How Holiday Shoppers Save Christmas for Seasonal Businesses

How Holiday Shoppers Save Christmas for Seasonal Businesses

christmas-store-displayImagine if you only had 3 months to make an entire year’s worth of profit. Sounds impossible, right? This is the harsh reality for thousands of seasonal business. Even certain retail stores like toy, jewelry,candy and novelty stores do the bulk of their business during the Christmas holiday shopping season. A 2012 retail survey conducted by FedEx revealed that almost one-third of US retailers rely on the holiday season to keep them in business. The weeks between Thanksgiving and Christmas are the most important of the year for retail stores.

The holiday season is crucial not only to regular retail stores, but also to those whose businesses revolve around a holiday theme. From ornament stores to tree and chestnut farmers, these businesses work all year long to make the last two months of the year pay off in profits. “It’s like running a marathon, but the race doesn’t really start until October,” stated one business owner. “If business is off for even three or four days, it can have a huge impact. That’s like losing a month of business for a regular retail store, There’s little we can do to recover from that.”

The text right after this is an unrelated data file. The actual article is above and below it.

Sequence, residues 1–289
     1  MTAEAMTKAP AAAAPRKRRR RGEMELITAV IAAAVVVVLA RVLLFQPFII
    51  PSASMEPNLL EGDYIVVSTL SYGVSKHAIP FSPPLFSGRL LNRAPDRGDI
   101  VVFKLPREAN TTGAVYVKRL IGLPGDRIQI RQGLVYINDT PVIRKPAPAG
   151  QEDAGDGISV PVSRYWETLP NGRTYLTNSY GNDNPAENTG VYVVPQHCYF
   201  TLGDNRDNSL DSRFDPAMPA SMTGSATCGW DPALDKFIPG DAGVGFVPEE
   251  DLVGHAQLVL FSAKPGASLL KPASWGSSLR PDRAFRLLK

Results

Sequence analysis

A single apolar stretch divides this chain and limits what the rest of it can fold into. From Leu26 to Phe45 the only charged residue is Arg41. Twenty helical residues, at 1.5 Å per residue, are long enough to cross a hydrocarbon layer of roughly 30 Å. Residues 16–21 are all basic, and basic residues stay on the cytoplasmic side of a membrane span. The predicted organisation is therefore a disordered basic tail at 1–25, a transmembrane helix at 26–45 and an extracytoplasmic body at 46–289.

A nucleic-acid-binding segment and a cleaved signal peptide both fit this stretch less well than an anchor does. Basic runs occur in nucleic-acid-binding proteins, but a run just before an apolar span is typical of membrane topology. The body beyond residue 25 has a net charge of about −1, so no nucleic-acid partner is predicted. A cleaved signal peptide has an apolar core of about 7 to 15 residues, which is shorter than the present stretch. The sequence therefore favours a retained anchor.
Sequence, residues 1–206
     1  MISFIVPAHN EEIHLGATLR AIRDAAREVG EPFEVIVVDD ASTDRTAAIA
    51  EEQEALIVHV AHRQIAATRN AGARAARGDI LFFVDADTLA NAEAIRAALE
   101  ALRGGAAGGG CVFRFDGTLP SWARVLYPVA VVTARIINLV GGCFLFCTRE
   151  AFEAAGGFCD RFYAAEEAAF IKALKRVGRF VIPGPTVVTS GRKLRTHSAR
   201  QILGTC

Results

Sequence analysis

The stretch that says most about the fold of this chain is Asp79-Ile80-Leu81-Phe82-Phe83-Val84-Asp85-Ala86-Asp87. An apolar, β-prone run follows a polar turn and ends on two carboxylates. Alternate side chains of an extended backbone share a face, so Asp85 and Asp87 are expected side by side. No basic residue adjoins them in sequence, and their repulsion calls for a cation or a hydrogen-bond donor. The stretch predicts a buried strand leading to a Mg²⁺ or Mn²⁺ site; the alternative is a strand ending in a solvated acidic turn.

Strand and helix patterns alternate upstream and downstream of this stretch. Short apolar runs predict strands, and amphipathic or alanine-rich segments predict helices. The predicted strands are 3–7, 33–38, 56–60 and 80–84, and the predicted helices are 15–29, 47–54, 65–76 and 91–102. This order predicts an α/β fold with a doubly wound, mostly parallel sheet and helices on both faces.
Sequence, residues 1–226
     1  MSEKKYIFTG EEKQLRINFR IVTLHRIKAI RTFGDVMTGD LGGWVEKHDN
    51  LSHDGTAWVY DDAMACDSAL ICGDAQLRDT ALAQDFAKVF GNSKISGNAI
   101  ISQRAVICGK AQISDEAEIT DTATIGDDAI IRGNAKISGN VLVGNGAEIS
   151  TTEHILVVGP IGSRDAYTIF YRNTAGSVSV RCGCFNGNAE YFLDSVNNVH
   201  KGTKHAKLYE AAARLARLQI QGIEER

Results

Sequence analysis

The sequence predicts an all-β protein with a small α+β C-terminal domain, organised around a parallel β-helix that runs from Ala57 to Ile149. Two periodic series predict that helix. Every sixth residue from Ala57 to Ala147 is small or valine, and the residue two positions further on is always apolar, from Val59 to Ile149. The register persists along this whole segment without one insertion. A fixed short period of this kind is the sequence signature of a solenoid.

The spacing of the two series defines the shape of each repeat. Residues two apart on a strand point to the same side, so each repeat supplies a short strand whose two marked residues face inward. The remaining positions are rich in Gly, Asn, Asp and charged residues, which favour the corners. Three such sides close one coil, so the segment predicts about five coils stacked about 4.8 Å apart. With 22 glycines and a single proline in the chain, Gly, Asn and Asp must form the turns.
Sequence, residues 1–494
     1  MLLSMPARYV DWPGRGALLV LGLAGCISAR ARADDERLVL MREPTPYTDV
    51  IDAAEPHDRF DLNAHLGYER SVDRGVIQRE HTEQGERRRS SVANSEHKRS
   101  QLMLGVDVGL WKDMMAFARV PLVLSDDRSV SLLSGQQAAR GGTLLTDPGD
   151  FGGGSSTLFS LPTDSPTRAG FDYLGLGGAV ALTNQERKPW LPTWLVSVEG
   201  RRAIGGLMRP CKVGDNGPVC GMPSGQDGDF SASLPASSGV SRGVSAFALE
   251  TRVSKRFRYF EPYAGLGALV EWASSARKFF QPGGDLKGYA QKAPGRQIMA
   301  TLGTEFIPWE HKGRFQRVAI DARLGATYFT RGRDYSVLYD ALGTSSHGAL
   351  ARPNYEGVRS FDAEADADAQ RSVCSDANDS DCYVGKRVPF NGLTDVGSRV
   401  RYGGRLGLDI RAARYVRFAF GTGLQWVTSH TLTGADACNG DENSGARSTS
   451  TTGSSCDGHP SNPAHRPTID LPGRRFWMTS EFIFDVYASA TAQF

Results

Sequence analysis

Profits aren’t the only things that are up at the end of the year for these seasonal companies. Advertising dollars, transportation, power and heating costs, insurance and other costs of doing business are higher at the end of the year, as well. So, there’s even more pressure for seasonal companies to sell sell sell.

christmas-snowmanWhile most of us are cozy around the fire or the Christmas tree, these hard-working retailers are putting their personal lives on hold to make sure we have a happy holiday by supplying trees, gifts handicrafts and other seasonal goods. They look forward all year for Christmas, but not for the same reasons as you and I do. The results of holiday sales will mean profit or loss for their business and determine their business strategy for the following year. The future success of their companies very much depend on holiday profits.

So the next time you hear a Christmas commercial on the radio or TV for the thousandth time, instead of changing the channel, try to remember that the heavy rotation of these ads cost small retailers a great deal of money. They have a very short window of time in which to sell their products and services. The amount of merchandise they move in November and December is absolutely critical to their bottom line. Supporting small retailers is a great way to mindfully spend your holiday dollars and keep seasonal retailers in business for next Christmas.

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